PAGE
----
But smuggling stuff out of the store was hard work. The guard Balram, was no fool. He had the eyes of a hawk. The store employees had to undergo a thorough check by him, before they were allowed to leave. It was almost impossible to pull a fast one with him around. Almost.

On a sluggish day at the supermarket, a few months back, it suddenly struck Mohan – The trash.  Balram seldom checked the trash being taken out. And that had triggered an idea. He had morphed into a model employee overnight. He began coming in early and leaving late. He did all the odd jobs that the others refused. Scrubbed the shelves. Mopped the stairways. Took out the trash, with his hoard tucked inside, of course. And he’d had a decent run, so far. He’d even managed to get into the good books of the store Manager with his earnestness.

With the parcel safely inside the tree hollow, Mohan hurried back to the supermarket. He would come back for it, on his way home.

Balram sat hunched on his stool, ears glued to a radio. The clang of the shutters as Mohan brought them down, startled him. He took the keys from Mohan and gave him a quick pat-down. Having no reason whatsoever to mistrust him, Balram gave his bag a cursory look, humming along to the song that played on the radio. To him, the boy was just a wide-eyed kid from the village – sincere, and uncorrupted.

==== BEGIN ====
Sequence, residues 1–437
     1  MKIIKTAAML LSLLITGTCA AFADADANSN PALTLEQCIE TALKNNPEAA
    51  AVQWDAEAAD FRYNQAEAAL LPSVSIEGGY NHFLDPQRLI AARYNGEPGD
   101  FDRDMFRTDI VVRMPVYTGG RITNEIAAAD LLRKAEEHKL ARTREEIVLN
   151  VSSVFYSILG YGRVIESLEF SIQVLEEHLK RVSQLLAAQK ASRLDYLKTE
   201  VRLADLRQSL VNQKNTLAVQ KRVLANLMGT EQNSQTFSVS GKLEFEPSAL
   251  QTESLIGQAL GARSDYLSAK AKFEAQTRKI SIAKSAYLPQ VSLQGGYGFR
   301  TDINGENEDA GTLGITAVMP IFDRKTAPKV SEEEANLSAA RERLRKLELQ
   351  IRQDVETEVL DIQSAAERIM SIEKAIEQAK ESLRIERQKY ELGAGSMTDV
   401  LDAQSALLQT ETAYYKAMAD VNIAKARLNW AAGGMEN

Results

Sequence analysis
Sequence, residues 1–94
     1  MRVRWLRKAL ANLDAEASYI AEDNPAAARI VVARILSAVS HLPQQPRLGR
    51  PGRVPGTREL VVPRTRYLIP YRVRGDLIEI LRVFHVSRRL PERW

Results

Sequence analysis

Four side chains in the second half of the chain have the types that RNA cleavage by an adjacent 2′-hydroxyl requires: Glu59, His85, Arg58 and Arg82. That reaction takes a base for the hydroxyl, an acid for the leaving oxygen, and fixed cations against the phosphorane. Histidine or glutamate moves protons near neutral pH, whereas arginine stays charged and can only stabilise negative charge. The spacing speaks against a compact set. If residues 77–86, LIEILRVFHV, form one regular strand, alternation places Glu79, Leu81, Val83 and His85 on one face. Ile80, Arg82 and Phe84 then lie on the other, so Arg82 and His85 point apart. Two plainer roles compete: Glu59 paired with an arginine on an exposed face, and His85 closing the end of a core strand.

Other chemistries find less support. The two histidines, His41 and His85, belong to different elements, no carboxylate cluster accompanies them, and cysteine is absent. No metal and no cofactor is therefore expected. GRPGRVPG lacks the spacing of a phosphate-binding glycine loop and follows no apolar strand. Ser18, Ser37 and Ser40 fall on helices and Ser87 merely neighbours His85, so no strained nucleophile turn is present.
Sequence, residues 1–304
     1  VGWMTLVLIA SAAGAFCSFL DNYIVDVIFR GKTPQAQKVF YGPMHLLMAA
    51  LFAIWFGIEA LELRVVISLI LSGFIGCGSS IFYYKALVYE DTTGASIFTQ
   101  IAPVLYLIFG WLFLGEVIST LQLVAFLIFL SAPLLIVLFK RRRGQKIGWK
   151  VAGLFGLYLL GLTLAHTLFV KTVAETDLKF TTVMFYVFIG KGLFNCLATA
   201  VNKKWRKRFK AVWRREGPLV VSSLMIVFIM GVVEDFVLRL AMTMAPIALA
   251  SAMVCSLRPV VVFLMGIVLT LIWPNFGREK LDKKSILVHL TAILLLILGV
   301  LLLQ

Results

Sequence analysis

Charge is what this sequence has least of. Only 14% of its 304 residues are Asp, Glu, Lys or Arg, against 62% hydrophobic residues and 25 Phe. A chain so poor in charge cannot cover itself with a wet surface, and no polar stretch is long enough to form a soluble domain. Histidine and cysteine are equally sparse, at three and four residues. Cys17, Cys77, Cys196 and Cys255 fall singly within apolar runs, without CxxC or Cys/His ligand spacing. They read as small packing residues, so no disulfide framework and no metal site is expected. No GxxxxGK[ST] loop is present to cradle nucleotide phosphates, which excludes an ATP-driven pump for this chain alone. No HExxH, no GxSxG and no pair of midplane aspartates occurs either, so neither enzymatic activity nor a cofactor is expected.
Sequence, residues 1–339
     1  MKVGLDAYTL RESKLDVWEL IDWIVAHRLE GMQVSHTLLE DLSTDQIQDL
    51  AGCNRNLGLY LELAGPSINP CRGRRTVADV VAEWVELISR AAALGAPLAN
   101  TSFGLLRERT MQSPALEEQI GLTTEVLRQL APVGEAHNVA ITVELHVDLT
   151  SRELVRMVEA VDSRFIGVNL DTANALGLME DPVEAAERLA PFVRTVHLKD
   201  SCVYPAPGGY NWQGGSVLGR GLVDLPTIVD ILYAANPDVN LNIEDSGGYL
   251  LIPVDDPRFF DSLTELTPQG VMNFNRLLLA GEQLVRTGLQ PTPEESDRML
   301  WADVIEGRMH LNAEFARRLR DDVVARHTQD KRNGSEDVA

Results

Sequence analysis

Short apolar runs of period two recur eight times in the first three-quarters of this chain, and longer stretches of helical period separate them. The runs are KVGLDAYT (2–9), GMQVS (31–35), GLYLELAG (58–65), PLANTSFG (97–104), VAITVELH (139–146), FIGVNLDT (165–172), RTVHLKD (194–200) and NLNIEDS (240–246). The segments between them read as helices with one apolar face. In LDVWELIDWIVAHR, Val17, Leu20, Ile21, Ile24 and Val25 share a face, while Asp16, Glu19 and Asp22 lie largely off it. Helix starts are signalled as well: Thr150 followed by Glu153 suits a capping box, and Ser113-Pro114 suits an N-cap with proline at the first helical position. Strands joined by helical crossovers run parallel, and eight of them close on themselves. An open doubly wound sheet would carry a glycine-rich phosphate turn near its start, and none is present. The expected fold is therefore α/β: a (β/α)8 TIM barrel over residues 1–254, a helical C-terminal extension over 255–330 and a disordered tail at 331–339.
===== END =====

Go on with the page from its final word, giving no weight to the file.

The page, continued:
“Run along now. Get some sleep.” He said.


Mohan was back under the Gulmohur to pick up his stash. Leaning against its rough bark, he lit a cigarette and watched a roadside eatery nearby. Despite the lateness of the hour, the place was bustling. The air was heavy with the smell of frying oil. His stomach rumbled. He wondered if he should wait until there were fewer people around to take the parcel out. He ran his fingers over the gnarled bark, feeling the rough, jagged crevices on it. It reminded him of the peeling paint on the walls of the one room shack he called home.

A middle aged couple walked past him, a kid wedged between them. The man gave him a piercing look. He averted his eyes and puffed on his cigarette. An auto passed by, the driver slowing down enough to ask, “Going somewhere?” Mohan shook his head, irritated. The auto moved on.

A couple of minutes passed. He dropped the cigarette and crushed it under his feet. ‘To hell with it!’ he muttered. He was sick of waiting. He swiftly slid his hands into the hollow, wincing in pain, as a craggy piece of bark dug into his skin and reached for the parcel. Beads of sweat popped on his brow. Where was the darned parcel? He raised himself on his toes, extended his arm further and tried again. No parcel.  Someone had raided his lair. His heart hammered within his chest. The hunger he’d felt sometime before was replaced by a feeling of nausea. Had someone found out his secret? Was this a trap? He cautiously looked around. He almost considered fleeing the place, but that would have looked suspicious. He backed off from the tree and slowly began to walk away.

“Looking for this?” A voice called.